Glasgow festival inspired Day of the Dead in Mexico

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A festival of MUSIC and storytelling that gives people the chance to remember loved ones departed will take place at Gorbals“The City of the Dead” this weekend.

Always and Forever: To Absent Friends is hosted by Friends of Southern Necropolis, which transformed the South Side graveyard with regular cleanups, historic events and community activities.

Colin Mackie, Founder of FoSN, explained: “Everyone has a story to tell about someone who died that they miss, but talking about it openly can often cause discomfort or embarrassment, and people may struggle to know what to say around someone who is dead. private.

Glasgow Times: South NecropolisSouthern Necropolis (Picture: NewsQuest)

“The To Absent Friends festival is an opportunity to change the culture, to open up and to share these important stories.”

The event will take place on Sunday, November 6 from noon to 2 p.m. at Caledonia Road Cemetery.

People are encouraged to bring family photos, share stories, songs and memories of those they have lost.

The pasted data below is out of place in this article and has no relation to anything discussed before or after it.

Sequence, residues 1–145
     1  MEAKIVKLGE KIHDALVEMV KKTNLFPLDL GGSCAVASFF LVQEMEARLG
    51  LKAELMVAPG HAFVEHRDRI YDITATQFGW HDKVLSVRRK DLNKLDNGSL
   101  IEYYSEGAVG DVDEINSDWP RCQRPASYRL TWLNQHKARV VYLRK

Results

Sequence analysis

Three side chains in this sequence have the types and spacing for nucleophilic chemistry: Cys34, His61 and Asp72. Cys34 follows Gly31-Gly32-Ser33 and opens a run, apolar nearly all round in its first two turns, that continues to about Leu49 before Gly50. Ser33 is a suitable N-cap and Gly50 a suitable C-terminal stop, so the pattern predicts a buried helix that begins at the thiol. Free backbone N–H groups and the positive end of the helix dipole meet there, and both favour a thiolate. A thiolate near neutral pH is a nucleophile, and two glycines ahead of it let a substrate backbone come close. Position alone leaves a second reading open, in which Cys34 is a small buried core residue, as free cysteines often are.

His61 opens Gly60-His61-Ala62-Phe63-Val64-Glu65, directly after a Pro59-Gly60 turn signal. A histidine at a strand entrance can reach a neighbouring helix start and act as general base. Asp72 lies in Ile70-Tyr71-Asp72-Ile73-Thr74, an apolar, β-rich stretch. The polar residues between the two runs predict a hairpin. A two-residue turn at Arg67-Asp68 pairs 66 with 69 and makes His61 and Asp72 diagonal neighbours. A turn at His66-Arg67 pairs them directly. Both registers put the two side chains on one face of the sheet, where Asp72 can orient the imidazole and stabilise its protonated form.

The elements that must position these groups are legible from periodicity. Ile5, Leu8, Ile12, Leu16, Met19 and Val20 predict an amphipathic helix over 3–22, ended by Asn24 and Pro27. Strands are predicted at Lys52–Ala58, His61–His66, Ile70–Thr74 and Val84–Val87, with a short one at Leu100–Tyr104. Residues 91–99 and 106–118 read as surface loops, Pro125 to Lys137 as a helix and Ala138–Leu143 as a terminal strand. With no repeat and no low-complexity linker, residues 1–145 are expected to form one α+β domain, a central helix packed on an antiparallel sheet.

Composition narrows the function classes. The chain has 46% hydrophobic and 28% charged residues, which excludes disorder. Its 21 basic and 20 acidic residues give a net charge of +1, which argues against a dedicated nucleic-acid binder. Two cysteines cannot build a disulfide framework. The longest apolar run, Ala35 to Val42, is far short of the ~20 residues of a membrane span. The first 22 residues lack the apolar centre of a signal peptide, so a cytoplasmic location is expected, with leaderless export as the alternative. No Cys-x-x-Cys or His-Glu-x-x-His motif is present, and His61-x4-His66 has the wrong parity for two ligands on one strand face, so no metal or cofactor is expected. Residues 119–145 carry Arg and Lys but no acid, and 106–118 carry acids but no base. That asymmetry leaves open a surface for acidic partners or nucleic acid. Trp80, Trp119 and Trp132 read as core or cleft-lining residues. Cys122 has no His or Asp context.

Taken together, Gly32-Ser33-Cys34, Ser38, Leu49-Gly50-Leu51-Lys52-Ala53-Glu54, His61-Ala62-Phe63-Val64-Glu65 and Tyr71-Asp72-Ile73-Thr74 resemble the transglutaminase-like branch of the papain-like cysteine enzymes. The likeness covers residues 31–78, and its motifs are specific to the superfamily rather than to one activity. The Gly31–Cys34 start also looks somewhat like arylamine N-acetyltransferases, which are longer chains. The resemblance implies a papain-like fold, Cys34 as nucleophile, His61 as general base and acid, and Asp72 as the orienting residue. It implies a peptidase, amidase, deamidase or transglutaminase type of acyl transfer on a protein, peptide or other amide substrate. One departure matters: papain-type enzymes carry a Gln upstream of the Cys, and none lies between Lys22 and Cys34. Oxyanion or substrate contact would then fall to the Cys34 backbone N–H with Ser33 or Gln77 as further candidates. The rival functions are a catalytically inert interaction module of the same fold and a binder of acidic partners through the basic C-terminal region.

The music group Gorbals Strum for Life, part of Givin’ It Laldie, will provide entertainment and soup and sandwiches will be provided.

Glasgow Times: Colin and Elsie Mackie of Friends of the Southern NecropolisColin and Elsie Mackie of Friends of the Southern Necropolis (Picture: NewsQuest)

The festival, which began in 2014 and is inspired by Mexican Day of the Dead celebrations, aims to address the stigma of bereavement and encourage communities to support active remembrance of the deceased without embarrassment or embarrassment, regardless of the date of his death.

Colin added: “The event will allow members of the G5, Oatlands and Gorbals community to share their experiences and sign messages of remembrance and tributes on laminated hearts which they can then hang on the Always and Forever tree in the area of ​​the Franciscan Circle. .

“We’re really proud to be part of this special festival again, along with our good friends Strum for Life.”

The South Necropolis was established in July 1840 and is the final resting place of many merchants, traders, shipbuilders and architects who contributed to Glasgow’s world fame.

As well as famous soldiers, ministers, musicians and actors, the 250,000 graves include many craftsmen and working-class merchants from Glasgow’s shipyards, factories and shops.

Notable inhabitants include architects Alexander Greek Thomson and Charles Wilson, and grocer Sir Thomas Lipton.

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